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Rubens masterpiece joins the world record holders at £45m

17 July 2002Written by ATG Reporter

History was made at Sotheby’s July 10 Old Master Paintings sale when Sir Peter Paul Rubens’ long-lost masterpiece, The Massacre of the Innocents, sold in the room to the Mayfair-based book dealer Sam Fogg for £45m, the highest auction price ever achieved for a work of art in the UK.

This superbly preserved panel painting had recently been discovered by Sotheby's expert George Gordon languishing in an Austrian monastery with an attribution to the little-known Jan van den Hoecke. After lengthy research, Sotheby's re-attributed the painting to Rubens, dating it to the early period of c.1609-11, just after the artist's return from Rome, when he also painted the celebrated (and controversial) Samson and Delilah now in the National Gallery. The pre-sale estimate was £4m-8m.

A packed saleroom watched enthralled as Sotheby's chairman Henry Wyndham took bids from at least eight different sources before a last telephone bidder finally gave way to Fogg, bidding on behalf of an anonymous private buyer, at £45m.

After the sale there was no shortage of speculation about the identity of Fogg's client. Most knowledgeable trade sources plumped for the Canadian oil and media magnate Lord Thomson (estimated wealth £10.6bn, making him the 14th richest man in the world) as the favourite with the Emir of Qatar rumoured as a possible outside bet. In 1996 Fogg paid £3.8m on behalf of Lord Thomson for the late 12th century Becket reliquary chasse at Sotheby's July 1996 British Rail Pension Fund sale.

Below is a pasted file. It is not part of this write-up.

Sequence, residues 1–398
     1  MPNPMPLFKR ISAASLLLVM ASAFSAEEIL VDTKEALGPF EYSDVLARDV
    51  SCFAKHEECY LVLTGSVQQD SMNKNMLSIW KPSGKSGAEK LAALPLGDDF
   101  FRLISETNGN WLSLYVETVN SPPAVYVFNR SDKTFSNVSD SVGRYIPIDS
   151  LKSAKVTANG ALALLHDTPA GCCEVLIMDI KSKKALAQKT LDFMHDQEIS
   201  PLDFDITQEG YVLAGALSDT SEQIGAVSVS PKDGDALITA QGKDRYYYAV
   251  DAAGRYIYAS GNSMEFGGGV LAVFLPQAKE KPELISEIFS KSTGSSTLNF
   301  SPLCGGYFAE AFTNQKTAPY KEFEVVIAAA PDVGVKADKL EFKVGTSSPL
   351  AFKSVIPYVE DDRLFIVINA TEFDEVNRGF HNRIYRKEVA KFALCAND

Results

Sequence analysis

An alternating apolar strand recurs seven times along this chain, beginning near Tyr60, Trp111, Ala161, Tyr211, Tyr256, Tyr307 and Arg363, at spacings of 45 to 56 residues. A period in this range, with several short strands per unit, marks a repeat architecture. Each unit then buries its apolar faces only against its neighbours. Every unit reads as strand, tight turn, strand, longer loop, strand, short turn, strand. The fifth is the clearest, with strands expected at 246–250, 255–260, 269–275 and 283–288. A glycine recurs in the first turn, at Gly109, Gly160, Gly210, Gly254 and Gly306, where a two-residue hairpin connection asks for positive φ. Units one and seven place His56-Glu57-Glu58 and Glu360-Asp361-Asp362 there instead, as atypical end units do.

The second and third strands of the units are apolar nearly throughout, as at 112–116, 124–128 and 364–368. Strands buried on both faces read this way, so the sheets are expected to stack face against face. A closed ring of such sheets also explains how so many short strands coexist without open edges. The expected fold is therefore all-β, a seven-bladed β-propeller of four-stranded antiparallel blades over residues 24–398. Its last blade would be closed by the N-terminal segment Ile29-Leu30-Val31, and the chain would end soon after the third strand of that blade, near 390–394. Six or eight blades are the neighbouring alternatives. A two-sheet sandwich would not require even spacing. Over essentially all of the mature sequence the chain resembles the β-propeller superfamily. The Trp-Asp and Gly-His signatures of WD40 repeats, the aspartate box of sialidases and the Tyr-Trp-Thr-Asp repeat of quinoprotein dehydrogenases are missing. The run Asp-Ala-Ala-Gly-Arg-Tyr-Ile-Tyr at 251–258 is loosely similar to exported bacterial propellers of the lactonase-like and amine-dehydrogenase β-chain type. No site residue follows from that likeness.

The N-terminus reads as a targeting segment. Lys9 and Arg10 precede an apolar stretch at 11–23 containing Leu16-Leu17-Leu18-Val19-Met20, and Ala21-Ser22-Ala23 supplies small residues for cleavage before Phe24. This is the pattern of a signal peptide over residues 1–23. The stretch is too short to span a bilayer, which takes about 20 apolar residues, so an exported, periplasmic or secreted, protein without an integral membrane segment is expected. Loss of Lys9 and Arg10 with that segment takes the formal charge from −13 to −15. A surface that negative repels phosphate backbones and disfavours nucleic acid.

Rubens' The Massacre of the Innocents now ranks as the third most expensive work of art ever sold at auction. Depending on the exchange rate taken, the Rubens could also be regarded as the most expensive painting ever sold in sterling, but the US dollar is now almost universally regarded as the primary currency of the international art market.

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ATG Reporter

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